A full dive VR experience is associated with going to a virtual world and leaving the physical world when you enter the virtual world. There isn’t any technology that allows anyone to experience the virtual world.
The only way a full dive VR experience is achievable is through a brain-computer interface (BCI), and Elon Musk is currently working on one.
The BCI seeks to allow people to issue commands to computers using brain signals. A BCI chip will enable people to be transported into a virtual world, which feels like being a dream-like state.
Recent tests of the BCI functionality on a monkey show that it is viable.
However, you need to undergo a semi-invasive surgery to get the chip inserted into your brain. Most BCI chips are geared toward overcoming spinal injury, and it shows potential when it comes to full dive VR.
Whether it will be standard practice for individuals to undergo semi-invasive surgery to enjoy full dive VR is still unknown. Time will tell whether brain chips will become a standard accessory for full dive VR.
Challenges to Developing Full-Body VR Experience Electronics
A few challenges come with developing technology that lets people escape into a virtual world like the actors in The Matrix movie. A full dive VR experience requires biotech that allows people to stay in a lucid dream-like state for VR to feel real.
First, companies are years away from developing tech that transports our brains into virtual worlds. Researchers have to learn more about how humans experience reality and how to customize experiences depending on age, gender, and other factors.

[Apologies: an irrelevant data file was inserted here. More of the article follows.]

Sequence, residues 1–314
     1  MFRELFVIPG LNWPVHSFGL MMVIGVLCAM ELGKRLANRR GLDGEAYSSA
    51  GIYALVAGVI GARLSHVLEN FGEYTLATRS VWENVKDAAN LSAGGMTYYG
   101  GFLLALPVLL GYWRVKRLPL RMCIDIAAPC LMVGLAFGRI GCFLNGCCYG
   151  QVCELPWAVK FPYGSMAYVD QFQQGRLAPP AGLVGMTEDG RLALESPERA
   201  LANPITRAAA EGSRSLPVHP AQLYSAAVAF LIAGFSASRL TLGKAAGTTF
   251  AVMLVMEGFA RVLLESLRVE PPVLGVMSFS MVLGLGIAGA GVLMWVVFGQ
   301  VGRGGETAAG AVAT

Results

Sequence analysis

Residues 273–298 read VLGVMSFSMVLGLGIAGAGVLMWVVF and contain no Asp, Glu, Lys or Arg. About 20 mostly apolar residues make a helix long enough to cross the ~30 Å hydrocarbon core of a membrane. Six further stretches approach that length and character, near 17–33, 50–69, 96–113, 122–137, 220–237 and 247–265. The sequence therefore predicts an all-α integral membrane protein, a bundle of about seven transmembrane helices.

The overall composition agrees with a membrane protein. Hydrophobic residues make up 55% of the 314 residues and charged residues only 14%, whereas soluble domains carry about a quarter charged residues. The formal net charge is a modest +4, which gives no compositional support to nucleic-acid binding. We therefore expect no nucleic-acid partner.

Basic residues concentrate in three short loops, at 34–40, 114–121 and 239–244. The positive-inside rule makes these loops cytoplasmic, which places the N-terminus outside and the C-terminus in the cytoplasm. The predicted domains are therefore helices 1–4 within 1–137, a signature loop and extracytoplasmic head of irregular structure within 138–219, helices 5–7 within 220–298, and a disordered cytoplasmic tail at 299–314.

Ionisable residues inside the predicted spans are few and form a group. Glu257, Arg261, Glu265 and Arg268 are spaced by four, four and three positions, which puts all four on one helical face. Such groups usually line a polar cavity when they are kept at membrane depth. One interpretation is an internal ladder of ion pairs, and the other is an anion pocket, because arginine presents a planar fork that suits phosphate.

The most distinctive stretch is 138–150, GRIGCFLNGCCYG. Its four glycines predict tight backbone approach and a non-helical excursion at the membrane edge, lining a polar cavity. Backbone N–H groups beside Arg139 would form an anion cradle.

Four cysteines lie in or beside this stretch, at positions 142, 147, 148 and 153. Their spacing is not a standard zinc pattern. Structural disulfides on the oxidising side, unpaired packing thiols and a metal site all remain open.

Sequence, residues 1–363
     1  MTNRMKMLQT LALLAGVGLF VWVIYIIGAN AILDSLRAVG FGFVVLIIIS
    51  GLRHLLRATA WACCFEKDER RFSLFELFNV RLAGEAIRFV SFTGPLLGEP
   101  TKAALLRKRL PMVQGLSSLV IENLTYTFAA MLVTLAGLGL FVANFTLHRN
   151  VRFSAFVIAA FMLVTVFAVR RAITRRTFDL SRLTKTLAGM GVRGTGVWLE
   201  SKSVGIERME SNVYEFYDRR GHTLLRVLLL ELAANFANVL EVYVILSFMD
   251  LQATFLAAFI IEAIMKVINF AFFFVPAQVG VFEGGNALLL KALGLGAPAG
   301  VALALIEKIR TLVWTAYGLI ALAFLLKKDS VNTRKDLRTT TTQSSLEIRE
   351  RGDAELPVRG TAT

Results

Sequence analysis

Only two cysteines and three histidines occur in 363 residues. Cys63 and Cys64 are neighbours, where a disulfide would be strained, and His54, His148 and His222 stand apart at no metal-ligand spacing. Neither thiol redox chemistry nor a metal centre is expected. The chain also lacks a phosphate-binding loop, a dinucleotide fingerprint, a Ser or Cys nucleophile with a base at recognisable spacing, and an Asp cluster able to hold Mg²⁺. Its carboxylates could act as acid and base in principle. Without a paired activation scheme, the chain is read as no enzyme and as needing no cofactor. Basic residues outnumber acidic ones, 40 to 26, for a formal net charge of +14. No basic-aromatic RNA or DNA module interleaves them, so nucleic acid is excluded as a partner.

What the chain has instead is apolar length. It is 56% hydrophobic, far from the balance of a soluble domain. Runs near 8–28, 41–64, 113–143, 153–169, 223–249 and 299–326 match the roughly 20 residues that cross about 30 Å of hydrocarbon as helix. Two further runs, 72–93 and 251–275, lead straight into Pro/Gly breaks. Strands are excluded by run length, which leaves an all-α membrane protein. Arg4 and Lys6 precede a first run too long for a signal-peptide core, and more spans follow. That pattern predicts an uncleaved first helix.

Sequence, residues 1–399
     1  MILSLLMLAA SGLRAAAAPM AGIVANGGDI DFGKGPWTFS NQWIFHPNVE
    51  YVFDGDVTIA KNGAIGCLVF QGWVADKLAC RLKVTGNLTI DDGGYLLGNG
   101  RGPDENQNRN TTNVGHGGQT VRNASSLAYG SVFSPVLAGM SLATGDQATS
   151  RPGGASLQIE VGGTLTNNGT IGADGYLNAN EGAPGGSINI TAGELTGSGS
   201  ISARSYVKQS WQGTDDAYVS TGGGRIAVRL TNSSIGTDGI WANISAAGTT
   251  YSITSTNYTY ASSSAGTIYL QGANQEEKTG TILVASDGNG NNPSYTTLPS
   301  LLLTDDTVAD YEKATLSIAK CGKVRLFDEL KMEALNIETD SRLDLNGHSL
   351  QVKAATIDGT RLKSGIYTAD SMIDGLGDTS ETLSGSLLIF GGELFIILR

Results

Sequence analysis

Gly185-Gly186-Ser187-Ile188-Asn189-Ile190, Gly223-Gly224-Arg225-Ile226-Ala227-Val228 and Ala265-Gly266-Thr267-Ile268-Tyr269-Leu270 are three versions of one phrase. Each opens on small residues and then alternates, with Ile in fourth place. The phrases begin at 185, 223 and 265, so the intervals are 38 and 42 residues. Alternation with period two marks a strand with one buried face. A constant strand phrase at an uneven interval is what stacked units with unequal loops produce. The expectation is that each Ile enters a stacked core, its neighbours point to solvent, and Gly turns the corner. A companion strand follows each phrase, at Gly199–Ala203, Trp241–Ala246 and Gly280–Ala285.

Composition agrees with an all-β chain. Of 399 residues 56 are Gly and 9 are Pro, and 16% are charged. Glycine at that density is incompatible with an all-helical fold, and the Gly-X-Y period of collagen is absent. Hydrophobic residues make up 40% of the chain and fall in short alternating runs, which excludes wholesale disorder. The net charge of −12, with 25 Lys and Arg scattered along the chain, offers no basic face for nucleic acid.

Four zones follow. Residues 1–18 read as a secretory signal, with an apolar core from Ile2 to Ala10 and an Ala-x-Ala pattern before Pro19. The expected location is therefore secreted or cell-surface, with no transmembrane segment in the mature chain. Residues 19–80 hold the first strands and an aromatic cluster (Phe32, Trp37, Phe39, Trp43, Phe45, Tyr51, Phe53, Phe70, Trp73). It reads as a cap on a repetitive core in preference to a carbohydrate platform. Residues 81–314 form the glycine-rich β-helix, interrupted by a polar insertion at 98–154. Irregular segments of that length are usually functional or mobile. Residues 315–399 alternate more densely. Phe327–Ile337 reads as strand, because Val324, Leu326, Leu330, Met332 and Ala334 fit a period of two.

Second, there are bioethical concerns on full dive VR gear safety. Some problems also involve how to monitor companies that will be profiting from biotechnology.
Finally, there are concerns that people will be addicted to full-dive VR because it offers an escape from real-world problems. Full-body VR like ‘Sword Art Online may attract new mental issues where people prefer to live in the virtual worlds instead of facing reality.
How Long Will Full-Body VR Experiences be a Reality?
It’s safe to say that a full-body VR experience won’t be a reality in the next decade because the technology isn’t available.
Also, VR is yet to catch up to the human imagination because human beings can create more imaginary worlds than VR offers right now.
Overall, I expect to see a full dive VR in 15-20 years. I believe that the world will have made the necessary technological leaps to make full dive VR a reality.
Also, there will be an advanced bioethical framework to govern biotech to allow full dive VR to be legal.
Will full-body VR like ‘Sword Art Online’ ever be possible? Yes, it will be possible in two or more decades. Haptic feedback suits and BCIs will be advanced enough to allow VR users to enjoy the virtual world without being aware of their physical surroundings.
Overall, the world is on the cusp of a revolution when it comes to VR technology, and I hope it’s going to be interesting to watch it.
Espen is the Director of PursuitMeta and has written extensively about Virtual Reality and VR Headsets for years. He is a consumer product expert and has personally tested VR Headsets for the last decade.